High Court Rules Woman is Allowed to Help Select City’s Chief Rabbi
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High Court Rules Woman is Allowed to Help Select City’s Chief Rabbi

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Israel’s Supreme Court ordered the Tel Aviv City Council on Monday to allow a woman on the council to serve on the committee that chooses the city’s chief rabbis.

The order was the second in the past four days to chip away at the Orthodox religious establishment’s exclusion of women from meaningful participation in religious affairs. The high court ruled last Thursday that a woman may sit on local religious councils.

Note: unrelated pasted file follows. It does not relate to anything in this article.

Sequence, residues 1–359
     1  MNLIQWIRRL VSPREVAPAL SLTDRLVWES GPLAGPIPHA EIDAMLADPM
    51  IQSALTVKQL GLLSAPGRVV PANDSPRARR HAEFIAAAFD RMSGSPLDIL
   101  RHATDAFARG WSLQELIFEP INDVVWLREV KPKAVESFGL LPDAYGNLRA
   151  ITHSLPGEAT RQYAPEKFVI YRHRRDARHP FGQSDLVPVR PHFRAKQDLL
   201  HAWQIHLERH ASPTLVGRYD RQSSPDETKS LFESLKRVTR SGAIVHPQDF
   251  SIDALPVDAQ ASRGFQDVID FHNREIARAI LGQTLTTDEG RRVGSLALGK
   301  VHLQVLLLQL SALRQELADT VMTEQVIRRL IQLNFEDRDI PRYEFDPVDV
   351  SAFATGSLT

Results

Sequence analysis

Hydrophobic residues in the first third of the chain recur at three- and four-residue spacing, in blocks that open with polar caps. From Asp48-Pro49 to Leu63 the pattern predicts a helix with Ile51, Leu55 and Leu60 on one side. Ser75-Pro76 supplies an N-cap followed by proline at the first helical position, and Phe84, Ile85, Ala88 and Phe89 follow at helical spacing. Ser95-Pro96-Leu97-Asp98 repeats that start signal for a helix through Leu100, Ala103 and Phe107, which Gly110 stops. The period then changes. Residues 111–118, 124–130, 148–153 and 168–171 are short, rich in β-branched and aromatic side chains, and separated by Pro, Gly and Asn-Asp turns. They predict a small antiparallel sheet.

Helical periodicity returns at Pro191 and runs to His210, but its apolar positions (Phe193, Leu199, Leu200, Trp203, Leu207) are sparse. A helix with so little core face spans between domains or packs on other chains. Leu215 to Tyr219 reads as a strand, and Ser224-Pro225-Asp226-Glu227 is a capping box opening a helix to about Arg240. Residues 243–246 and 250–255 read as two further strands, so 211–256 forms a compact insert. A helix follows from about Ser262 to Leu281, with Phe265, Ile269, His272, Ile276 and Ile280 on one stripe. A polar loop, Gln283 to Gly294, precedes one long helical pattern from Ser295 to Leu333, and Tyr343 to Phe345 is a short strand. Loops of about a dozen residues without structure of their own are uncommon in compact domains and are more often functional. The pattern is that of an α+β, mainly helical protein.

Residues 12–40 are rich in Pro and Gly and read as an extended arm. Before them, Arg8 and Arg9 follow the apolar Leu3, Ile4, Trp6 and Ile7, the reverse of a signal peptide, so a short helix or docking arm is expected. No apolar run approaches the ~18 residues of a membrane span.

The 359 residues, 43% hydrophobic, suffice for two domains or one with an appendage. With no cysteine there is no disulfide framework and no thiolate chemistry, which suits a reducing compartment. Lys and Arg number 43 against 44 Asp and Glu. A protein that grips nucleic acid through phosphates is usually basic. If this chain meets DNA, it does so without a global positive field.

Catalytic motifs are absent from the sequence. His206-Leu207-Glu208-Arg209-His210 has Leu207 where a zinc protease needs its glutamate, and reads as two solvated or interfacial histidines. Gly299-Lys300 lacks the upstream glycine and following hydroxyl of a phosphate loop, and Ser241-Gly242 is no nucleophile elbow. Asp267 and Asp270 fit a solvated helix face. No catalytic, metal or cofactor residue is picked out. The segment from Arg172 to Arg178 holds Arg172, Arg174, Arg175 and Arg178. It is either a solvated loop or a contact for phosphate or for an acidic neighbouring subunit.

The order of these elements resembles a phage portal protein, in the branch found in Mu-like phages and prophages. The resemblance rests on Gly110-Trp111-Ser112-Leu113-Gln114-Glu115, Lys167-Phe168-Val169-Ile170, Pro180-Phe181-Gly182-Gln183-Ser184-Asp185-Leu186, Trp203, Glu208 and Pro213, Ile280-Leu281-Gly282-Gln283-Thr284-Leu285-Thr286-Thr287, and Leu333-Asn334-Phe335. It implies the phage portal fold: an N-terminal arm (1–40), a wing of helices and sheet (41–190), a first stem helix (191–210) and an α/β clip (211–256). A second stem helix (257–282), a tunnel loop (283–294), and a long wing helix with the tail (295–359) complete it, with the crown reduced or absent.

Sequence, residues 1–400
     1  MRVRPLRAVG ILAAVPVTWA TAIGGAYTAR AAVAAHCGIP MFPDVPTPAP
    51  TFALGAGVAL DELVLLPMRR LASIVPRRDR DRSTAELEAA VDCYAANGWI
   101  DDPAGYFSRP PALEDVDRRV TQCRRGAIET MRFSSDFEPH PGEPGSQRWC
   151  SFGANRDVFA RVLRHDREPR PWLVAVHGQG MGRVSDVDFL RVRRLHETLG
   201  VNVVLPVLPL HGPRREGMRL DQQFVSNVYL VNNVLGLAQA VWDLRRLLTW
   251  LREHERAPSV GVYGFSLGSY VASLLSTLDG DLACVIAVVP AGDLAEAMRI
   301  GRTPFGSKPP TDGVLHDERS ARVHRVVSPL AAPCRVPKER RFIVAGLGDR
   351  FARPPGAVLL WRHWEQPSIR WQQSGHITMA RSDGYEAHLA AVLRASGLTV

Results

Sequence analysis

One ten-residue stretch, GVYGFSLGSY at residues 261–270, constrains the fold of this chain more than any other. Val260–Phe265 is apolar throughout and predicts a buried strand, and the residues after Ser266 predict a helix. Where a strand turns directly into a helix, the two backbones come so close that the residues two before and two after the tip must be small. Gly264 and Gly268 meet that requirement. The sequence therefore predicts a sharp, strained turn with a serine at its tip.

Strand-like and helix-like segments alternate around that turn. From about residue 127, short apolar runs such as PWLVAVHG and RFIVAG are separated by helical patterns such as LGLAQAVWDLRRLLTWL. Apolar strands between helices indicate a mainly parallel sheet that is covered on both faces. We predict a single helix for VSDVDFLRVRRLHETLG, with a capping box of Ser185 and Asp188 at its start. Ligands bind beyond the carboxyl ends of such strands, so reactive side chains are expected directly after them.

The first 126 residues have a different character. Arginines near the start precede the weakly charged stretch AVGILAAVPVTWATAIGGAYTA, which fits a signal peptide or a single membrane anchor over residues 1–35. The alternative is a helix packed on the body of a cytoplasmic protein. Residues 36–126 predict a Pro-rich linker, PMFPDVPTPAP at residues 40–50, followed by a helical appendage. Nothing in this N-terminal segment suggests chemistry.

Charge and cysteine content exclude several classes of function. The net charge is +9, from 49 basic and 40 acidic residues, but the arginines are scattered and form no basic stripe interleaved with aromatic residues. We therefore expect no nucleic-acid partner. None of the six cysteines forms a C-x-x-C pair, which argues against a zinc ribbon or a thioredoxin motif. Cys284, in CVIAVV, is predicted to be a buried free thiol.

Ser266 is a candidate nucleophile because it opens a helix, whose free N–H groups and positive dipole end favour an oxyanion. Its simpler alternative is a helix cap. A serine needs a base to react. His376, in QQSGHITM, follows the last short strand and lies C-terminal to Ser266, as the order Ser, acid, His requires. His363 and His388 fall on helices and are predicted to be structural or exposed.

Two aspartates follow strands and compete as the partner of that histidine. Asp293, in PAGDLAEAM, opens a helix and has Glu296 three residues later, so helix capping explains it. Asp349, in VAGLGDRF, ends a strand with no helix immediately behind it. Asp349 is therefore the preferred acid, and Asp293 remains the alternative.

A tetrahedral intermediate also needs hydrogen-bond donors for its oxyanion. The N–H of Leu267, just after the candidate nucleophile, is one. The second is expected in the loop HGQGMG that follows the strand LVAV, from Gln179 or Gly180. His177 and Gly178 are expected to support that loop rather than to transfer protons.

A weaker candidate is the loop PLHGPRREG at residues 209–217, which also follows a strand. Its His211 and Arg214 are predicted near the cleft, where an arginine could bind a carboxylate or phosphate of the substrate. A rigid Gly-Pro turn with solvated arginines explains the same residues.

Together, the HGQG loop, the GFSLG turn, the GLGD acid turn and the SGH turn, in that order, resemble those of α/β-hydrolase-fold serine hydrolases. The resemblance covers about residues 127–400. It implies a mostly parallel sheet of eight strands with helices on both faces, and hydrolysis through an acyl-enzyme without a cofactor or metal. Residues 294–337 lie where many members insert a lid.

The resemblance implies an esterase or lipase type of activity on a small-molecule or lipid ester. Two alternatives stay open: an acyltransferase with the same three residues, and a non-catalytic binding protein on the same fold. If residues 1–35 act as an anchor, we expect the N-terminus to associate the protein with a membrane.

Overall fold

Both rulings were hailed by liberal and women’s groups throughout the country. Mayor Shlomo Lehat of Tel Aviv welcomed the court’s decision.

The office of Ashkenazic chief rabbi in Tel Aviv is presently vacant. A leading candidate, Chief Rabbi Yisrael Lau of Netanya, has said in the past he would not accept the post if a woman sat on the committee that appointed him.

But Lau may have relented. He hinted in a television interview Monday that he might suggest to the Chief Rabbinate that it obey the court’s ruling.

The ruling involves only the one-third of the committee members who are appointed by the municipality. The other two-thirds are selected by the rabbinate.

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